Lomography is all about going back to the basics, about analog photography stripped down to its bare essentials without the bells and whistles fancier gear comes with. Right, you don’t want to see MTF charts of those plastic lenses, but then again, once you use a, say Konstruktor, you might be amazed by the image quality. Konstruktor? That’s the world’s first do-it-yourself 35mm SLR camera. A great rainy-afternoon or weekend project. Build your very own camera from scratch whilst learning the mechanics behind how analog photography works.
The Konstruktor is like Lego for the photographer. It will take some time to get used to the Hasselblad-feel camera viewer and compose because the image is reversed. Isn’t that great for low angle shots. And there’s a B shutter for night photos.
The camera that you can build in one to two hours uses a single-lens reflex vertical viewfinder (that folds completely flat), a pretty sharp F10 50mm lens with shallow depth of field and a default setting of 1/80 (with B mode for night photos), a tripod mount and, guess what, a fully interchangeable lens system. Well other “primes” come extra, but all this fun for $35 the kit, no wonder the Konstruktor is flying off the shelves.
Kids can assemble the camera — except maybe for the tiny spring, piece B9 that is responsible for the shutter popping back up after a frame is fired. Ever tried connecting it between the two plastic pins of pieces B24 and S2? But Lomography includes two of those springs, so in case you strech out one you’ll be back up and running in no time.
With a bit of dexterity this is how you’ll assemble your Konstruktor:
And maybe you want to lubricate the shutter mechanism before venturing out. Just make sure any lubricant you choose is safe for use on plastic and won’t melt your Konstruktor.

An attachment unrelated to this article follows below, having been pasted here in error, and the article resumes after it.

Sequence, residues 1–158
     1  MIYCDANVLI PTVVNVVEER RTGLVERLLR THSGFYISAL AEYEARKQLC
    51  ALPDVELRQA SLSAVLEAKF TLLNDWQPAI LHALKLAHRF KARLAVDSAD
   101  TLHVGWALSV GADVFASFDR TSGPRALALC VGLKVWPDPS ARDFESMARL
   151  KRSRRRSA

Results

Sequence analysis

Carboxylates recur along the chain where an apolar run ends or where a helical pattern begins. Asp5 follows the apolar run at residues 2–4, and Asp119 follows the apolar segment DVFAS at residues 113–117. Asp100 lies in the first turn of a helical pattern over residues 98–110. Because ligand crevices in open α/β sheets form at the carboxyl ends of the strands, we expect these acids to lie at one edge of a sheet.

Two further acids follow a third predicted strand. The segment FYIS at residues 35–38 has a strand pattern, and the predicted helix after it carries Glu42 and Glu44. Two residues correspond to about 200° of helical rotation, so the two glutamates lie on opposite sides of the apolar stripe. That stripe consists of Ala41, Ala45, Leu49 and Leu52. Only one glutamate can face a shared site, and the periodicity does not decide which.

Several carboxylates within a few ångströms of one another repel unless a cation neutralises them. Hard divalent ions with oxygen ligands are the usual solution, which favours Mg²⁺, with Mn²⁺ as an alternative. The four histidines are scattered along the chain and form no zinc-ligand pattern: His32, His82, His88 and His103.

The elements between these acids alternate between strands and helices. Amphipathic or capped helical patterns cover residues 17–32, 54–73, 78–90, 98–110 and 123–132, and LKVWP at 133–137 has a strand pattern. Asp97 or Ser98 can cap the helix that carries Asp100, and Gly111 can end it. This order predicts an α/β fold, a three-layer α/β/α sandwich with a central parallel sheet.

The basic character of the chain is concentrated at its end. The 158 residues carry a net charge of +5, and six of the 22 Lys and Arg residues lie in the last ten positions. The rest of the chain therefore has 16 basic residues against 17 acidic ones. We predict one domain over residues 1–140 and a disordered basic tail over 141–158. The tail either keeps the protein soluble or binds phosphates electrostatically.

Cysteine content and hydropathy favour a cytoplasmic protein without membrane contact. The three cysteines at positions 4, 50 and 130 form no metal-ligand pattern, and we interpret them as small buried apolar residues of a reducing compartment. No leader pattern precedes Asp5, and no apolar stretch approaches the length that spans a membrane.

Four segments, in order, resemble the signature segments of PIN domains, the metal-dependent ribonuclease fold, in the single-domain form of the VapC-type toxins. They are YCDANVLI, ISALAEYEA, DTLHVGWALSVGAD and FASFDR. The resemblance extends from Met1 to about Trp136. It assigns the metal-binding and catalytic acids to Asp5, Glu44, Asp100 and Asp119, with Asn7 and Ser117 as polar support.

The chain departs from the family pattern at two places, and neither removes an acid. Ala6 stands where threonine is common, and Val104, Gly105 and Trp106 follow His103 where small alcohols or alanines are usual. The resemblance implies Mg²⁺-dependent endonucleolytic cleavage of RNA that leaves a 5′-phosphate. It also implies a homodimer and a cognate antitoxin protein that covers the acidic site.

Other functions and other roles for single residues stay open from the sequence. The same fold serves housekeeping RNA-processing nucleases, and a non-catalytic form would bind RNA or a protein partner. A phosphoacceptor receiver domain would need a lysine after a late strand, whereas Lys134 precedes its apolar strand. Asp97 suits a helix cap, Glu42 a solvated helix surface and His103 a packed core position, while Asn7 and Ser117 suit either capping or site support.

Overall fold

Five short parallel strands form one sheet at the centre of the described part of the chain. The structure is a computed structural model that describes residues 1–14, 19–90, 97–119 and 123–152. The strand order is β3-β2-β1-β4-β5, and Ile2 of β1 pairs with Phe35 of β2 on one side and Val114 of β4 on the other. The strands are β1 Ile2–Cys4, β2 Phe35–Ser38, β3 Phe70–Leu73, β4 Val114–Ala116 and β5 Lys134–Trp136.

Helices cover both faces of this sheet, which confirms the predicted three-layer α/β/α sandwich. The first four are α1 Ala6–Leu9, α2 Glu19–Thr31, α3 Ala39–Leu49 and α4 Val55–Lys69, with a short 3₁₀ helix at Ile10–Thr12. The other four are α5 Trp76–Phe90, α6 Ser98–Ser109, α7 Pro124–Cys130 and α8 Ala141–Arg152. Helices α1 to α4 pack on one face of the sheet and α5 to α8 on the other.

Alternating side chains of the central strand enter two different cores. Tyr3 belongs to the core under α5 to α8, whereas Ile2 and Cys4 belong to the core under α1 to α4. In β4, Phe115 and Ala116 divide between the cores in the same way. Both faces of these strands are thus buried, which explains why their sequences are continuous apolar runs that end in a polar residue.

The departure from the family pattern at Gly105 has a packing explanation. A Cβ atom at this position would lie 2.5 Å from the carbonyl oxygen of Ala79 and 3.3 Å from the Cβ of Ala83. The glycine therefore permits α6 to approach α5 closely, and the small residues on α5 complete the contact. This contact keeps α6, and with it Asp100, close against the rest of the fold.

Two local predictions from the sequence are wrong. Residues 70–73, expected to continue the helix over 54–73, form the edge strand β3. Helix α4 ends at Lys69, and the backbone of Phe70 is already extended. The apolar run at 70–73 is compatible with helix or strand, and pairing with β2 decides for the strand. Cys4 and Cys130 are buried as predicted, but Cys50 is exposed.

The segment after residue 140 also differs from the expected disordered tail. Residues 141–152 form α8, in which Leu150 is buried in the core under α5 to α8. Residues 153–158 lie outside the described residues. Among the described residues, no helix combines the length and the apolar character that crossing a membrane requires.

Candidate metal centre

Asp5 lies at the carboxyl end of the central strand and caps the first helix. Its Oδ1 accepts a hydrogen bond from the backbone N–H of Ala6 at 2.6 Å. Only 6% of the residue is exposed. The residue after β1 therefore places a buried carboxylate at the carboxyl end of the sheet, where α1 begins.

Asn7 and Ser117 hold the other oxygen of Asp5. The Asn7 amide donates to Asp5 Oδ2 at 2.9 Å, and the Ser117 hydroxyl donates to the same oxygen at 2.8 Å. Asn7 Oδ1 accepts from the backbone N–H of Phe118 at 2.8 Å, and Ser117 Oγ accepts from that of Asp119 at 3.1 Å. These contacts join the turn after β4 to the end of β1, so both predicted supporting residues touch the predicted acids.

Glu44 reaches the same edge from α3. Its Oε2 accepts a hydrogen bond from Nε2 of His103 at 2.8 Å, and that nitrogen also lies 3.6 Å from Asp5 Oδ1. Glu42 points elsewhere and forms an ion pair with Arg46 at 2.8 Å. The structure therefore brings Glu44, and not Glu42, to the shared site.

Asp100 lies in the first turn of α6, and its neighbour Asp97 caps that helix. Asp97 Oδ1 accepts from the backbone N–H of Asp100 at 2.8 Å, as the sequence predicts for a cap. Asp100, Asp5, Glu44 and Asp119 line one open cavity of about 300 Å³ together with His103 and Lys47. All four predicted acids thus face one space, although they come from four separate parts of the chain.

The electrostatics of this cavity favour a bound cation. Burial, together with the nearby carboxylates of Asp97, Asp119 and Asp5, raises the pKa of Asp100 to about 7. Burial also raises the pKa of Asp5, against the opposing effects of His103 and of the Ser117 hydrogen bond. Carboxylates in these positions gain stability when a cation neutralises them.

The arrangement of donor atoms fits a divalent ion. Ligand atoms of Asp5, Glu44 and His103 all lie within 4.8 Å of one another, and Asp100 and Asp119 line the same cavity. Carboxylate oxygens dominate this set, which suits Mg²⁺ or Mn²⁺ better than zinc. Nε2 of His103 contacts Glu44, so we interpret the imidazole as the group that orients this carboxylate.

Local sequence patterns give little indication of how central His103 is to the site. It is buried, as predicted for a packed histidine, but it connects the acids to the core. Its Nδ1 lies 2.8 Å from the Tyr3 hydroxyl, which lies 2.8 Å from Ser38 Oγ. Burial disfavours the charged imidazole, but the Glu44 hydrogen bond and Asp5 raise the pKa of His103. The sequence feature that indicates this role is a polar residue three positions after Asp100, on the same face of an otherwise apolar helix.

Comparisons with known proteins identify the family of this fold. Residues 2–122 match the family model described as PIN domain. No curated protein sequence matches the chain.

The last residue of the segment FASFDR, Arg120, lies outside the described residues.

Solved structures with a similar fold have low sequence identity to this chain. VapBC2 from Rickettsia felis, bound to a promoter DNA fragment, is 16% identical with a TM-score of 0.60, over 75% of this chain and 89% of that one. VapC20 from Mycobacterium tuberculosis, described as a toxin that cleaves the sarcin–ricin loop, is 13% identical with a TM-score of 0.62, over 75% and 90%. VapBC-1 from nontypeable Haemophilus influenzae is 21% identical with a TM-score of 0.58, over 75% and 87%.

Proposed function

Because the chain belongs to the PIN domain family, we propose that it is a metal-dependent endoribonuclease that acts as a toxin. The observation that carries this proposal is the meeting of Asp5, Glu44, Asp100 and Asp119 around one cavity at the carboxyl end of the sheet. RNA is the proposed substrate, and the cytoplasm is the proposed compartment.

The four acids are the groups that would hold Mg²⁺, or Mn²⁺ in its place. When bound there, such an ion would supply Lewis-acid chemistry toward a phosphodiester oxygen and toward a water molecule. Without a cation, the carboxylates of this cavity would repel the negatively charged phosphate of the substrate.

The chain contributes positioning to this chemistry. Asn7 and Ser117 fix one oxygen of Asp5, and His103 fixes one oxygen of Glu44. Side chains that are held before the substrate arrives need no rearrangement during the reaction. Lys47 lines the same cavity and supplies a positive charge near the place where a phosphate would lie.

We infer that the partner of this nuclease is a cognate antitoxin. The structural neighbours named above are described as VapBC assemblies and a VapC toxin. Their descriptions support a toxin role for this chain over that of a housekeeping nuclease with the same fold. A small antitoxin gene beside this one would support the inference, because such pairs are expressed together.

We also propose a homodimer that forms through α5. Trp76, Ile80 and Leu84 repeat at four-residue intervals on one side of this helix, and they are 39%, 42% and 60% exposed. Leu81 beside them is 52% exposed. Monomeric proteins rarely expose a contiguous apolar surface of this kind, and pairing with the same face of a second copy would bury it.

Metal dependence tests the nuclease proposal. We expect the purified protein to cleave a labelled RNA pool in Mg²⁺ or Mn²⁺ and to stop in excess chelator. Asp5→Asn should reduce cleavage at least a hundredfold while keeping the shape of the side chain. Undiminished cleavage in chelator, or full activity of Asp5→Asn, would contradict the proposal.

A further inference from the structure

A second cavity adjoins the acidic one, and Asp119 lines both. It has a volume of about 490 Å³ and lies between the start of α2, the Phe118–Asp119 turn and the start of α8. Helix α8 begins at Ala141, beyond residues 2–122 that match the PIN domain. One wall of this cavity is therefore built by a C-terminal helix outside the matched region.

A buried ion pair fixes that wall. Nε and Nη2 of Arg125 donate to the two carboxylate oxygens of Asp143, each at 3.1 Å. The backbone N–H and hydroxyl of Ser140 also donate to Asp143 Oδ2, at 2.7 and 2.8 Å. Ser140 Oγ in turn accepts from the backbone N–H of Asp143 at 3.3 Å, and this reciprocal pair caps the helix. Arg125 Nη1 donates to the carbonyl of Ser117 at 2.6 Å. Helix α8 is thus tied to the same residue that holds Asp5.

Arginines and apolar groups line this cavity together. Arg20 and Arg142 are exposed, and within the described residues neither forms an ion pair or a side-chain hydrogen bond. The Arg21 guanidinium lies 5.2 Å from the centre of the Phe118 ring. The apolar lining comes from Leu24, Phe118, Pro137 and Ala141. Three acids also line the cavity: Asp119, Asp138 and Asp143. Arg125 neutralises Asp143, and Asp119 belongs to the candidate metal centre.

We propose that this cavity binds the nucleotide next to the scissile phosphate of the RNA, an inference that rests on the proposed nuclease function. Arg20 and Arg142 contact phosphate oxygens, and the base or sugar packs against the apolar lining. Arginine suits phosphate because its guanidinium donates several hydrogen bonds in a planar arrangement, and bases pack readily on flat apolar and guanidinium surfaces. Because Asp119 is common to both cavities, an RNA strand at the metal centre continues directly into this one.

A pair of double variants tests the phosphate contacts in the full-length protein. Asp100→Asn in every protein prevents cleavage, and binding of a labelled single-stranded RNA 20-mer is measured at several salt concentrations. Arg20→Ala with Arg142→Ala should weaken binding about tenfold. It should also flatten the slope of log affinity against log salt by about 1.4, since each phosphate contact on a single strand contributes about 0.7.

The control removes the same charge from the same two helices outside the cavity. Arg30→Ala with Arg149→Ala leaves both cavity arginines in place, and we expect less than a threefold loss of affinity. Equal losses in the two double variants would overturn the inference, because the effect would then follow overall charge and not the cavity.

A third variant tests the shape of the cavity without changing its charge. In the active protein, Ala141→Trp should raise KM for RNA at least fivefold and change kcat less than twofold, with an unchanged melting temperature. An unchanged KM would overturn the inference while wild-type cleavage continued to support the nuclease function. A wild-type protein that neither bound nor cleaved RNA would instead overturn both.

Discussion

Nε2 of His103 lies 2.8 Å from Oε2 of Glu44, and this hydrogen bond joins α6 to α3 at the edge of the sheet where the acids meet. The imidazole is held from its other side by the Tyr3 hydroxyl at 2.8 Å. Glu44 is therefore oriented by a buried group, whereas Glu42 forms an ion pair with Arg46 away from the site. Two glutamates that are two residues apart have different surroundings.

And as far as the finishing goes, in addition to a bunch of racing-stripe-looking stickers Lomography includes faux-leather pieces in red, white and black to decorate you Konstruktor, in addition to a bunch of racing-stripe-looking stickers. Well I like my cameras black.
Regarding exposure, once you loaded a roll of film — a refreshingly simple and painless process –, you might want to use a light meter app to easier get familiar with the predetermined exposure settings.
Focusing is easy thanks to the magnified finer. Advancing the film is a bit of a guessing game, but who doesn’t like the surprise full or partial double exposure once in a while. And aren’t those surprises one of Lomography’s big selling point. You never really know what you get, but each and every exposure has its own charms.
Nah, the Konstruktor is not a gimmick. Despite being made of cheap plastic, this cheapo can turn out as a very capable and usable film camera.
And even with questionable edge-to-edge sharpness, lousy fps and retro Holga-looks, for a mere $35 you’re not only getting a fully functional film SLR that’s fun, the process of putting it together and the inevitable understanding of the inner workings of an SLR definitely make the Konstruktor something to please the discerning photographer who’s not averse to experiments and surprises.